The Rise and Shine!

I wore the blazer again and again and looked at myself in the mirror. I would have tried all the combinations of 3 shirts and 2 trousers with the blazer my father had bought taking an advance loan. All the preparations were on for the day when the India’s Best Singer contest was to come to the Royal College in Gangapur, Rajasthan. I started singing at the age of 3 and all of the rest 20 years I only worshipped was my Guru – my Father, music and singing.

The D day arrived; there were not many participants as were observers. Half of Gangapur’s modest population of 25,000 came to watch the celebrity judges whom they had just seen on posters or on television. I braced myself and tried to sing a classical, the anxiety over came my performance. I was selected as a waiting list participant meaning if someone did not turn up, I would be called. Rest few days went as usual; my mom had packed the blazer and even spoken of selling it to a relative who was to get married soon. Father would day and night think of replaying the loan and I myself had taken up tuitions to help father repay the loan. The only good change the let-down brought in me was I doubled up my riyaz (practise) and started living music.

An unexpected call on 21st November 2010 to the c/o neighbour’s number changed my life. I never knew this call would take me to an unexpected turn in my life and what the future held!

“I am speaking from India’s Best Singer. We need you here in Mumbai, can you make it tomorrow?” An eager young voice shouted over the cacophony that surrounded her. I was dumbfound to answer anything, going to Mumbai meant more expenses upfront even if it was paid later by the company. I also knew it was my last chance to make it big. Leaving a note under my father’s pillow and some cash from a friend, I left for the Maximum City!

Reaching the quarterfinals was a breeze. I knew I was the heartthrob with my sweet chocolate boy demeanour. I got close to a fellow contestant, Rajshree. Before the finale, all participants were taken to their home town, but I refused. I was a top contender finalist competing with Rajshree and Asit a boy from Asam. The contest had a nail biting finish and along with the title I won 50 lakh cash and a singing contract with the channel. I was an overnight star, a sensation, I received calls from unknown people congratulating me on my success, I chatted with girls to increase popularity, gave interviews in leading newspapers and radio channels and was the star to every party I was invited. People just wanted me. The importance and the recognition I was gaining I knew the world was at my feet. I knew the way to be in limelight was through my rich young friends. I vaguely remember when at a star studded after award party, Rajshree wanted to sing and I in high spirits grabbed the mic, “I will sing, I am the star, this party is for winners! Give it to me.”  “Aaj jaane ki zid na karo ….” I fell to the ground and rest I read in the news papers, “Rags to Riches and now Young but Finished!”. However such things cannot dampen my spirits, media always tries to bring people down. “Alcoholism, loud music, parties and now drugs, is all you have with you now.” Rajshree never understood me, why do those people give a lecture on success … who have never seen success. I left her.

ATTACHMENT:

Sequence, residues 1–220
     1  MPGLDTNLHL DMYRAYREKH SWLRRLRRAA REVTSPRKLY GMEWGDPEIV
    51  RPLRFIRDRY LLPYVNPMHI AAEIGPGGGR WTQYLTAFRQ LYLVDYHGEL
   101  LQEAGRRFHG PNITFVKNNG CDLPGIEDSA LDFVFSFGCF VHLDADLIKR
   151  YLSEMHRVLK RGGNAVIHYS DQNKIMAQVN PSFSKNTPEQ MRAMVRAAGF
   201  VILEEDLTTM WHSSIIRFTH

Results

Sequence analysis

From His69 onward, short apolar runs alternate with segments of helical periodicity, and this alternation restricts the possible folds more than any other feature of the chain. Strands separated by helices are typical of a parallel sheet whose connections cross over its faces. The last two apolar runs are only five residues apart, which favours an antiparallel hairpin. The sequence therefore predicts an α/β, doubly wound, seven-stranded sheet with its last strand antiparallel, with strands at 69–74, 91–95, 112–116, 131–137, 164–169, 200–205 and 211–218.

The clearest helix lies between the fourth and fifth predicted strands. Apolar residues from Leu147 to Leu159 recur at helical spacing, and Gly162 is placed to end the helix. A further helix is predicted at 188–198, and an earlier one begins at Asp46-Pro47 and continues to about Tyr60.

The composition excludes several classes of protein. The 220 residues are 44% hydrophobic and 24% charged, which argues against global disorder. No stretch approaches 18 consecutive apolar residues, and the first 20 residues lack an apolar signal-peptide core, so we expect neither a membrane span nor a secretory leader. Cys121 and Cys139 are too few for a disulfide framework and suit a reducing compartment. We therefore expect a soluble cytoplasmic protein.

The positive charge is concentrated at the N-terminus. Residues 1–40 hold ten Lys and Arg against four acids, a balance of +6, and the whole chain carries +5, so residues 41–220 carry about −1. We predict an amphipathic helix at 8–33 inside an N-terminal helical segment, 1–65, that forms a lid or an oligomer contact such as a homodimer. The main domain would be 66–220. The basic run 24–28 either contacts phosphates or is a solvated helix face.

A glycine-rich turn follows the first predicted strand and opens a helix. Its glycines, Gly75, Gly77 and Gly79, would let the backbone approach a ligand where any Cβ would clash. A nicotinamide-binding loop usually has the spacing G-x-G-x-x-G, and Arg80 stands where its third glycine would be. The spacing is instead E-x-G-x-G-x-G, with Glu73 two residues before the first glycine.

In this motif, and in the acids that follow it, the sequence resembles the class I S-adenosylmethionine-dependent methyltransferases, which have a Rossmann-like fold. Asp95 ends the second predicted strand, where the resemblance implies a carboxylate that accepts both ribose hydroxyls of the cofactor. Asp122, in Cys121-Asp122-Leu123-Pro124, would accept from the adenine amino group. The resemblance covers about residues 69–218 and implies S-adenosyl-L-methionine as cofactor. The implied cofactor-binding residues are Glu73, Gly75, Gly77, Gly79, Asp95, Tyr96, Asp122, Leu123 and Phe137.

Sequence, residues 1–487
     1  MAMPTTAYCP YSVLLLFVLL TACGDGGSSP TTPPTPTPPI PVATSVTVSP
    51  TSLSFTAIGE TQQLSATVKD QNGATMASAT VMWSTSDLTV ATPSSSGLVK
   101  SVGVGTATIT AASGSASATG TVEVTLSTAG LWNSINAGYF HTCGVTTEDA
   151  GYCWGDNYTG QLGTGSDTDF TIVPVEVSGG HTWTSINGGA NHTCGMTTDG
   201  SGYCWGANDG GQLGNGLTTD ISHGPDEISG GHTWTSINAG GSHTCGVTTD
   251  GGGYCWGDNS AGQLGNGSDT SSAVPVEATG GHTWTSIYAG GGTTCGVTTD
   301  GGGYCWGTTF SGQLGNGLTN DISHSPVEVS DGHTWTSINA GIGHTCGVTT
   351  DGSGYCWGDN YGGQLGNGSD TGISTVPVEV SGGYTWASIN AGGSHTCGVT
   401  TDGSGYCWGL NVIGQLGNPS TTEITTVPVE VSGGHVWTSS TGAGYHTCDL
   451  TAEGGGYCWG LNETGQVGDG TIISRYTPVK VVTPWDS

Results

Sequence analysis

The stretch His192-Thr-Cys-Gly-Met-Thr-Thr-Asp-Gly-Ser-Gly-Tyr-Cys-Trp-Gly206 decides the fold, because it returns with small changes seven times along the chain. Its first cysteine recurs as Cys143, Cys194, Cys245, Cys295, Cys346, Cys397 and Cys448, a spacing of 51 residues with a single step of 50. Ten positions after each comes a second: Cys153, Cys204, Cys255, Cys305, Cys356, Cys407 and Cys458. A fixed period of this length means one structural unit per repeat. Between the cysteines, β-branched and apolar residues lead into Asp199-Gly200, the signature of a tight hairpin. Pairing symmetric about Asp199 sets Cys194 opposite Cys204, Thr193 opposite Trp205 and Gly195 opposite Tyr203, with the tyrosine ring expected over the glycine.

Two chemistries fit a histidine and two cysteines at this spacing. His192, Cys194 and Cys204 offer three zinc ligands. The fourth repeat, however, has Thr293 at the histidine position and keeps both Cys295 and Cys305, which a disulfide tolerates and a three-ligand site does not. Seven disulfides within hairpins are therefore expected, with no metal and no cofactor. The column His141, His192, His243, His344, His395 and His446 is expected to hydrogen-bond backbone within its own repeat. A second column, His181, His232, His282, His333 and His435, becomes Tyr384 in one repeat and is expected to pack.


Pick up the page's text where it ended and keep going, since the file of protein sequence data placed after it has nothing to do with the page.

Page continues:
A year had passed; my first album had created record sales. My dates for the next one year were booked and my first solo stage show was over booked in Rajasthan. My mega posters were all over the city, with people piling around my car to get an autograph. I knew I was the best but anxiety hadn’t let me sleep for a week now in spite of the anti-depressants I took. I selected my leather jacket from the best of brands that wanted to sponsor me. Talent sells…is all I can say. I needed the energy and wanted to be on a high, I sniffed some more marijuana pumped up some protein shakes kissed Anji, my girlfriend passionately before hitting the stage. The crowd was going mad wanted to hear me, even a word was enough. I could barely see the crowd just a hazy layer of black heads! My first half of the performance had girls fainting, wanting to touch me, grab me! The second half, I called some girls on stage against the security orders and a small explosion in one of boom boxes led to a chaos. I was frisked away by security and after that I am blank even today as to what happened.

Next day’s newspaper made me pay the price of my success. Among the 18 people who died in the stampede, were a couple in their 70’s. I was called for recognition and the only thing I recognised on the mutilated body was the blazer the man was wearing. It took me no time to join the dots to my how being in Rajasthan. It’s been two years since the incident; I am convicted and lost the court case of the stampede episode proving me guilty of not adhering to security measures. My hired top lawyer proved me a hard core drug addict to avoid jail. I am in a rehabilitation making baskets and earning 100 rupees a day. Rajshree is a top play back singer now; she comes every week to meet me. Drugs took away my singing ability however I do hum songs when Rajshree is here.

It is quite rightly said, the people you meet when climbing up the steps of success … are the same you meet when climbing down!
This post is part of  A significant turn.. on<
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